‘Disproportionate’ lockdown of virus hit Catalan city overturned by court
Monday, 13 July 2020
The city of Lleida. Credit: Pixabay
A Spanish court has suspended the decision to send the Catalan city of Lleida into an extensive lockdown.
Authorities in Catalonia had ordered that residents of the area around Lleida be confined to their homes due to a sharp increase in the number of coronavirus (Covid-19) cases. The affected area, with more than 200,000 inhabitants, had already been isolated from the rest of Catalonia last Saturday.
The conditions were similar to the confinement imposed in mid-March, with people living in the area only allowed to leave their homes to go to work, seek medical treatment or buy food, and with meetings of more than 10 people being prohibited.
“The Lleida Custody Court has decided not to ratify the measures of the 12 July resolution” taken by the regional government, the Catalan Supreme Court said on Twitter, saying the decision was “contrary to the law.” The decision can reportedly be subject to appeal.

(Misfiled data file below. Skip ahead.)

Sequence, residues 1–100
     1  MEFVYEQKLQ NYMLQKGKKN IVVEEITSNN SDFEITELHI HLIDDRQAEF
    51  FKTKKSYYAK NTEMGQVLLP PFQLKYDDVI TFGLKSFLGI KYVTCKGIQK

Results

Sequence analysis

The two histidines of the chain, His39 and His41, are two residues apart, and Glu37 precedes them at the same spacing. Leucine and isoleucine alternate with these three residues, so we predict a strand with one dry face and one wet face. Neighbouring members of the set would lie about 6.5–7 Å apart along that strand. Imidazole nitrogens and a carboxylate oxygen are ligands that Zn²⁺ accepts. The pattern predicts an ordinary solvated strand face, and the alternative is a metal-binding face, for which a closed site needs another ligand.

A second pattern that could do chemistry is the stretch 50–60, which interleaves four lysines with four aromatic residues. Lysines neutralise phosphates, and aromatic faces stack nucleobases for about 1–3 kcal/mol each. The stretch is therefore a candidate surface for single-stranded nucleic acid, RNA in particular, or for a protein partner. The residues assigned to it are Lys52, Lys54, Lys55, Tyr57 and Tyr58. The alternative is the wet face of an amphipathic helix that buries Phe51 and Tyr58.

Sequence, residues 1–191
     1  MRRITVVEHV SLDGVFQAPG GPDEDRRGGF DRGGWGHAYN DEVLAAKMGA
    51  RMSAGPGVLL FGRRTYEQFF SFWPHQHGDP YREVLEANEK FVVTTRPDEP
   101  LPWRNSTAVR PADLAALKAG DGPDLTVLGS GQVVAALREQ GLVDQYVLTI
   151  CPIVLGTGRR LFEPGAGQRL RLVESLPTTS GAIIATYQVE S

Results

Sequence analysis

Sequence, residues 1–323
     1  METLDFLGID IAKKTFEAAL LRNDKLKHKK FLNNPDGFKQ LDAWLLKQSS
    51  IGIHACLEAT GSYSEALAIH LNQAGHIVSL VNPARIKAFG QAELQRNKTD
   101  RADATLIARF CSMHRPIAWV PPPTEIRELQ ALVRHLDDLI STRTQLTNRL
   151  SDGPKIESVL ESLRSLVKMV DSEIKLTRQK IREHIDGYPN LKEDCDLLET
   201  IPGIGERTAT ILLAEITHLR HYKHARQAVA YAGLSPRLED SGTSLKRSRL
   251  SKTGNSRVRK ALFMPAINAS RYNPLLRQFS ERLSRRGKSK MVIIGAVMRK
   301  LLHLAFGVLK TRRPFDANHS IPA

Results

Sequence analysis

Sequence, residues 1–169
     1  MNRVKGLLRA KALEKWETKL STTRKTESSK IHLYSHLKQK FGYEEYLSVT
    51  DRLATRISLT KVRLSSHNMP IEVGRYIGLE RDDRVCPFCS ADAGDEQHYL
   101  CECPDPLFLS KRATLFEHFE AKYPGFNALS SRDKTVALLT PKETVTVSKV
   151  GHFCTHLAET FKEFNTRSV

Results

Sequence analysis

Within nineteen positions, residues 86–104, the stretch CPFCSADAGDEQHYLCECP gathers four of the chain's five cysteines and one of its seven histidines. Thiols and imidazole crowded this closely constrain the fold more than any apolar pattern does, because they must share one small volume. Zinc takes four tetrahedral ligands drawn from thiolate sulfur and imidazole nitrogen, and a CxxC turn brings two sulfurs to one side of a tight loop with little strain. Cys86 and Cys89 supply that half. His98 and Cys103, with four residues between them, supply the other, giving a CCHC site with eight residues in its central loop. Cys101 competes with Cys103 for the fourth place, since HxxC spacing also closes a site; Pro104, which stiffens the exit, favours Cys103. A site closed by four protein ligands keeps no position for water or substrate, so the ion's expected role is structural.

“The proportionality of this heavy restrictive measure must be based on the existence of a serious and very significant transmission of the virus at a community level,” the Court argued. “According to the figures presented, we consider that the general isolation at home, among other limitations, is disproportionate in the light of the data” the they were given.
The outbreak of contagions in Lleida is reportedly linked to the movement of seasonal agricultural workers currently harvesting fruit in Northern Spain.
Other regions in Spain, including in Galicia and the Basque Country, are also facing new coronavirus outbreaks.